No one knows why there has been such a steady increase in the number of asthma cases. One theory blames energy-efficient, air-tight homes for trapping irritants and allergens. Central air-conditioning, which requires closed windows, is now very common. Wall-to-wall carpeting acts as a big sponge that can trap materials to which a child could be allergic. The same is true for furniture, bedding, even stuffed toys. In the old days, houses were drafty; windows were open; carpets were taken outside and shaken or beaten; and animals were kept outdoors.

How Do I Know If It's Asthma?

In order to control asthma, you have to recognize it. But asthma symptoms often match those of routine childhood illnesses, and there is no test to diagnose asthma in children under the age of five. Children with asthma don't always wheeze or have obvious attacks. Recurrent night-time or early-morning coughing can be a tip-off, as can rapid or noisy breathing, or frequent bouts of bronchitis or pneumonia. Sometimes the only clue is that a child can't keep up with his/her friends. For many kids, asthma attacks are triggered by exercise. If your child shows signs of asthma, remain watchful even if a doctor rules out the disease. Seek another opinion if symptoms continue.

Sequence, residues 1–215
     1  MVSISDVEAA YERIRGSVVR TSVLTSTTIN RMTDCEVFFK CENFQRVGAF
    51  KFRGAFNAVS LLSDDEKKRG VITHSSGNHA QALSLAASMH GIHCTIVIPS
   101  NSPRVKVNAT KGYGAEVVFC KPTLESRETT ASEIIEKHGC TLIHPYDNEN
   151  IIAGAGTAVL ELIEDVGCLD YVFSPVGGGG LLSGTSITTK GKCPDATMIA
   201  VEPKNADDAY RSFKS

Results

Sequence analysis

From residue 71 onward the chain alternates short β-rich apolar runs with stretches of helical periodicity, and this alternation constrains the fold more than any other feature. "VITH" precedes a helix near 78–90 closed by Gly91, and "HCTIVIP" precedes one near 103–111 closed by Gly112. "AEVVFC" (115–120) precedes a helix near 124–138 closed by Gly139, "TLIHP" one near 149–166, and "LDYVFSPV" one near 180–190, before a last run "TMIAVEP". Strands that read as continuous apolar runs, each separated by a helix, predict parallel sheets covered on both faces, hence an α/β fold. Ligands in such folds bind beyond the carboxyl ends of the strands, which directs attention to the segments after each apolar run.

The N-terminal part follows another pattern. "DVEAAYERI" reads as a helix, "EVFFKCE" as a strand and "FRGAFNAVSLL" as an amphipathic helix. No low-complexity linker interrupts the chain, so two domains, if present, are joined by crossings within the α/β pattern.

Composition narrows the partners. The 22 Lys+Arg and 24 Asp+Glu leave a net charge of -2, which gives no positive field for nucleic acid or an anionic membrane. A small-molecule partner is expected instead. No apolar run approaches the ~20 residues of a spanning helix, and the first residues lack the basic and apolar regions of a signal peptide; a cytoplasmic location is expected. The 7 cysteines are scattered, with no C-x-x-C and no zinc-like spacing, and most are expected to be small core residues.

How is asthma treated?

Once you know that your child has asthma, one of the first things to do is find one doctor with whom you and your child are comfortable, and regularly see only that doctor. The better your doctor knows and understands your child's history and treatment, the better he or she will be able to help control your child's asthma in the future.

A good doctor will help you find your child's asthma triggers. Then, he or she will explain how to medicate before exposure, or how to limit the exposure by battling germs or reducing allergens through cleaning and air filteration. Whether a general practitioner, an allergist or a pulmonologist (lung specialist), your doctor should be your partner in asthma control. For example, he or she should demonstrate how to use a peak-flow meter, a small device that measures changes in airflow from the lungs, and can warn of an attack days in advance.

It's important to find a doctor who's willing to explain how different asthma medications work, teach you about what goes on in the lungs, and then provide a written treatment plan.